"Even when we had to play French or Italian songs that were part of the factory's repertoire, we always did it with dignity. That work influenced many of the things that I do today. That's why I reckon music is universal. Everybody is influenced by everybody else", says Hermeto, who was responsible for coordinating collective arrangements after a few misunderstandings popped up among the musicians. He also wrote two themes featured in the very rare LP Brazilian Octopuss (Fermata, 1969): Rhodosando and Chayê, which were pop and Cuban cha-cha-cha fusions. "I got inspiration from the fashion models to write those songs. I already played nightclubs, then, so I could play many different styles", remembers the musician from Alagoas.

Unexpected extras on the cover
Other members also contributed with original compositions: Alemão (Canção Latina, written with Vitor Martins), vibraphone player João Carlos Pegoraro (Summerhill) and Lanny (O Pássaro). The recording of the latter provoked an argument between Hermeto and the sound technicians. "Due to the song's repetitive melody, he wrote the counterpoint to be played by two flutes, just to liven it up a bit. But when he heard the mixed track, the counterpoint had vanished. Hermeto was so furious that he wanted to beat the technician up ", laughs saxophonist Carlos Alberto, who also recalls that Pascoal does not appear on the cover of the album because he couldn't make it to the photo shooting. A clerk from an advertising agency sat by the piano, instead - as well as an old timer, a dog and a child, who had nothing to do with all that, but appeared on the cover. The shooting took place on a piece of land that looked like the surface of the moon - a reference to the space race between the USA and former USSR.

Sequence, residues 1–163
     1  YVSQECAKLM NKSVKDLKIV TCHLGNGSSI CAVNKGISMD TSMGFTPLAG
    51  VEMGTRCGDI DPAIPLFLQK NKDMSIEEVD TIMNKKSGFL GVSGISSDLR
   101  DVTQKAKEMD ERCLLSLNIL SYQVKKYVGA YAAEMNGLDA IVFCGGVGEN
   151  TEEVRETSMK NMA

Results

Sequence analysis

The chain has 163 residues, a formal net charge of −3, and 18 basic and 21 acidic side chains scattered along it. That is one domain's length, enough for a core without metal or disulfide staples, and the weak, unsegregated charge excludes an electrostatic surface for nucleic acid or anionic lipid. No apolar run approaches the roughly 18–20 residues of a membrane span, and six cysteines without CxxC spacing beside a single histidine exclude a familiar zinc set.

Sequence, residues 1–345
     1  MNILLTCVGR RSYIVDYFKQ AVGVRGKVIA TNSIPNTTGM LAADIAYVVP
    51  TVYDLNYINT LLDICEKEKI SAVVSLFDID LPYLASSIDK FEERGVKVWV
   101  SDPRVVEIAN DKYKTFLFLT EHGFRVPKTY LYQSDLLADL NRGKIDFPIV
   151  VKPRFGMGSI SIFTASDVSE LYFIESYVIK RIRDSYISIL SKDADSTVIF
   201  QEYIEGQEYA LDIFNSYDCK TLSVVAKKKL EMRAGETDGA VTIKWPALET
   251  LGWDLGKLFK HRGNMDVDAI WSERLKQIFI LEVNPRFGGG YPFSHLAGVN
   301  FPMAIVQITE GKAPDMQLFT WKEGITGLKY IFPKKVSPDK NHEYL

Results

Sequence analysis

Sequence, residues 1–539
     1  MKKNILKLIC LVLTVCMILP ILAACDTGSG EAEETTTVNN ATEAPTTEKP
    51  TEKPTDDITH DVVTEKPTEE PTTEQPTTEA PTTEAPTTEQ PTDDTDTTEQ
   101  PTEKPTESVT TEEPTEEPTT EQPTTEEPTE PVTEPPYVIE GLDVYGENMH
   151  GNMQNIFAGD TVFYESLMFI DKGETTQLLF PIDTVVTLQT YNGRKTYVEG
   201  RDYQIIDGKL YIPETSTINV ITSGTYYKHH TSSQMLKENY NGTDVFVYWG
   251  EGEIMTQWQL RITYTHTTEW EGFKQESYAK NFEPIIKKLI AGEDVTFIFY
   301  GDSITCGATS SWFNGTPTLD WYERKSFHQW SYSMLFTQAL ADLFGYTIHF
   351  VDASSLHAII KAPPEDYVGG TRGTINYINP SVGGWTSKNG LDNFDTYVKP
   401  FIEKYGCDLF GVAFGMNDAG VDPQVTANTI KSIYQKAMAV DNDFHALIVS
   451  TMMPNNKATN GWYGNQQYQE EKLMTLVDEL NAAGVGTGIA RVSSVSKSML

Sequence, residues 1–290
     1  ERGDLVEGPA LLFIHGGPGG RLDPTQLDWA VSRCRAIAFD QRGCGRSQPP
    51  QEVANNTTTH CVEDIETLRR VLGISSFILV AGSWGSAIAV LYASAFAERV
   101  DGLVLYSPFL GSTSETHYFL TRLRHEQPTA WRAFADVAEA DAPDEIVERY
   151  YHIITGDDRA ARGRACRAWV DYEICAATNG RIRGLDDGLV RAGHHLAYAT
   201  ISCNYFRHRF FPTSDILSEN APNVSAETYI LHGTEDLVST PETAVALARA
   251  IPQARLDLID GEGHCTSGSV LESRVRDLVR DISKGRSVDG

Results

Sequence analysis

Produced by Mário Albanese and Fausto Canova, the album Brazilian Octopuss features new arrangements for Casa Forte (Edu Lobo), Pavane (Gabriel Fauré), Canção de Fim de Tarde (Walter Santos and Thereza Souza), Gosto de Ser Como Sou and Gamboa (Mário Albanese and Ciro Pereira), exploring a characteristic sound yielded by the flutes with the vibraphone, organ and guitars. "We never received a penny for that LP. It seems that it was released in Europe, even enjoying a little success", says Carlos Alberto, who claims that the members of the band tried to talk to Fermata's CEOs and get to know about the sales. Instead of checks, all they got was laudatory comments and an invitation to make a new album. Figuring that they would not get any money from it, they turned it down. The octet ended right there and then.

Three decades later, Hermeto Pascoal is not surprised or bothered with the fact that home-made copies of the only Brazilian Octopuss album circulate on CDs in São Paulo. "If the recording company doesn't care for making the CD, these people really have to copy it. It's the only way that will allow them to listen to our music", states one of the fathers of this instrumental rarity from the 60s.